Product test Windi
A rectal catheter specifically developed for treatment of colic and other gas related symtoms in infants.
Windi is a rectal catheter developed specifically for use on infants to remove gas causing abdominal pain. Being the first product of its kind it is the only safe product for evacuation och gas in infants available on the market. It is actually the first product developed specifically for this indication at all.
After having massaged the baby’s abdomen to move the gas downwards, Windi is inserted into the baby’s rectal opening and through the rectal sphincter, which is often in cramp. The product is then moved around in order to stimulate the intestines and remove the gas. The product has a small central hole for gas and a greater coaxial hole to take care of possible faeces. A natural stop prevents the product from being inserted too far, and a hydrophilic surface minimizes the friction that it causes against the intestinal wall. This makes the product completely safe.
To evaluate the product’s efficiency as well as the number of products consumed, a number of products have been tested at the local childhealthcare centre in Mölndal, Sweden. A total of 20 babies with frequent abdominal pain and discomfort have tried the product. Nine of the infants were considered to suffer from infant colic, while nine of them suffered from other problems causing gas. Two of the babies suffered from constipation.
When the questionnaire was returned the problems had lasted for between two and ten weeks, with an average of 34 days. During this period an average between one and two products were consumed per day. The product helped on 71 percent of all occasions, with an average of between two and three tries needed to get the wanted results. In average those babies suffering from colic were in need both of a larger number of products per day and of a greater number of tries to get the wanted effect. The products efficiency was also slightly lower when used on the babies suffering from colic. Despite the fact that the test was conducted on relatively small number of babies, it clearly indicates that the product efficiently evacuates gas in infants and thereby alleviates gas-related pain and discomfort.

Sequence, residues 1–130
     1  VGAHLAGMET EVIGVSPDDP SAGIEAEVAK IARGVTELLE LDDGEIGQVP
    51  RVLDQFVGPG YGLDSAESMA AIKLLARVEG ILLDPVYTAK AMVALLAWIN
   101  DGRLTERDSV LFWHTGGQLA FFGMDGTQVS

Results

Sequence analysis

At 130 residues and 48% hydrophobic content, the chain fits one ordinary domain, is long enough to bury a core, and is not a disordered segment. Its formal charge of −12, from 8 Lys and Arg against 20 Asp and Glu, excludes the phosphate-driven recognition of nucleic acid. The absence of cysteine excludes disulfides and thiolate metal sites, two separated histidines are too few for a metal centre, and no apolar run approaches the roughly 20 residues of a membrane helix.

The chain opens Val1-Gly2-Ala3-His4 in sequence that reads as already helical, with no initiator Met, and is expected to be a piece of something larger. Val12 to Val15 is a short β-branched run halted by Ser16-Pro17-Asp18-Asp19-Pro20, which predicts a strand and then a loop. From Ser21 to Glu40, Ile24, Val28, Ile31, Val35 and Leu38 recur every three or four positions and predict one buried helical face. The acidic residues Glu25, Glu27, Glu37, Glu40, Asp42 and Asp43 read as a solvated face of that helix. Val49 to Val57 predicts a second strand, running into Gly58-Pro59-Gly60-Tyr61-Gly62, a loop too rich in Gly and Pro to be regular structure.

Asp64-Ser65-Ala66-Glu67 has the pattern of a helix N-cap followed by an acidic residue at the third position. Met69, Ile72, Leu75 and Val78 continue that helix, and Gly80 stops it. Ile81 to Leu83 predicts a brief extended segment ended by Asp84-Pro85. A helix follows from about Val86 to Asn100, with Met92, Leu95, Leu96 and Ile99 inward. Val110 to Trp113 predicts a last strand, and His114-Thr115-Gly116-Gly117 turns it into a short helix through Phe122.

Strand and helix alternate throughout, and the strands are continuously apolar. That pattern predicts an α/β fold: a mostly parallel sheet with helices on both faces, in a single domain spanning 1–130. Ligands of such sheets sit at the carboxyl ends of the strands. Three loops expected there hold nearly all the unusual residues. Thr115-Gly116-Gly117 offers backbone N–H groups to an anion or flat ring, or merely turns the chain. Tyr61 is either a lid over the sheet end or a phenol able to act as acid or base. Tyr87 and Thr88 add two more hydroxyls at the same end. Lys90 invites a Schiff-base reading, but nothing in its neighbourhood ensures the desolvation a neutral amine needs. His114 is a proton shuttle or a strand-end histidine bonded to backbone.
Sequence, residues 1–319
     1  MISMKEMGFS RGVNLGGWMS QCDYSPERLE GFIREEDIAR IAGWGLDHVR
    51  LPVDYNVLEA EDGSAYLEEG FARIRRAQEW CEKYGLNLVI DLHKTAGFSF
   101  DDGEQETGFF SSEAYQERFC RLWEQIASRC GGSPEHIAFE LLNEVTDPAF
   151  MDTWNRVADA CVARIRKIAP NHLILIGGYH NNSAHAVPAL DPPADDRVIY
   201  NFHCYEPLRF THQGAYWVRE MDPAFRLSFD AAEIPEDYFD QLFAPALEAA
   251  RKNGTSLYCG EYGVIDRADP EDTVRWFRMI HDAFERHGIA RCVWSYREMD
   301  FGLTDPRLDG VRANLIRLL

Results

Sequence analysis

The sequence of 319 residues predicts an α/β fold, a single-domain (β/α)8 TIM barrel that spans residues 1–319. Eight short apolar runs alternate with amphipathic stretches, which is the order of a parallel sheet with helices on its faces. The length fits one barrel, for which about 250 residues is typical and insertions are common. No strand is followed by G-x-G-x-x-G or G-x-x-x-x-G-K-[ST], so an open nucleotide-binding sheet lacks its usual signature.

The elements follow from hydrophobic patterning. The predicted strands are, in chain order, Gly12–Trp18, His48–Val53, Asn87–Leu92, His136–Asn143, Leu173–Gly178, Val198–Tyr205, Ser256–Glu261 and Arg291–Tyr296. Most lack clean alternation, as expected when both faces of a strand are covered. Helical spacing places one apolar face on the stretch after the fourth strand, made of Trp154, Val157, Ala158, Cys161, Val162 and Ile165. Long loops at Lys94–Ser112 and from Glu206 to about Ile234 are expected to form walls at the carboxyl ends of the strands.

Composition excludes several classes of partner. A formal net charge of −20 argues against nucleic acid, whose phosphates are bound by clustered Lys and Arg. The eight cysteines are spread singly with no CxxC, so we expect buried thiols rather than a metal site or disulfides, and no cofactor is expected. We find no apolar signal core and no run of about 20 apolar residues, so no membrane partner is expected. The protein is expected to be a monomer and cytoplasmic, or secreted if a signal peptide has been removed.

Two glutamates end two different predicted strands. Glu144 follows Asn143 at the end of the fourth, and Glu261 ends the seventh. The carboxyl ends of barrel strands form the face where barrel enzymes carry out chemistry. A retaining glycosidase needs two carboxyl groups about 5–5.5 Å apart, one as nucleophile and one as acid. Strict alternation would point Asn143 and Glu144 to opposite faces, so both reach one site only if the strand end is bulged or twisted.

The main objective of the test was to evaluate the function and efficiency of the product. To appreciate the number of products consumed and thereby be able to make a prognosis and plan the coming launch, we also wanted to get an indication of the length of the problem period and the number of products consumed during this period. Finally, we wanted to see what differences exists, regarding the above mentioned factors, between colicky infants and infants suffering from other gas-related problems or constipation.
The product was tested of a total of 20 babies suffering from abdominal pain. At the healthcare centre the mothers were instructed on how to use the product. Together with a written instruction they were given five products to try at home and a questionnaire to fill in and return to the childcarehealth centre. The questionnaire included questions concerning the type of problem, the length of the period with problems, the number of products used per day and the efficiency of the product (the success rate when using the product and the number of tries needed to get the wanted result). If the product did not work the questionnaire was to be returned when the five products had been consumed. However this never happened. If it worked the mother returned and received more products. She was then able to use the product for as long as the problem lasted, after which the questionnaire was filled in and returned.
The results is here accounted for in according to the structure of the questionnaire.
Type of problem
Under question 1 the mother has stated the type of the problem her infant suffered from, the alternatives being colic, constipation and gas. Nine of the parents stated that their baby suffered from gas caused by colic, while the same number of parents stated that their baby suffered from other gas related problems not classed as colic. One of the latter suffered from a combination of gas and constipation.
Length of the problem period
The second question treats the length of the problem period. When the questionnaire was returned the problems had lasted for between two and ten weeks, with an average of about 34 days. The problem period was approximately the same for the colicky babies as for those suffering from other gas-related problems (33,6 days compared to 32,8 days). For the baby who suffered from constipation the problems lasted for 16 days and ten weeks respectively.
Frequency of use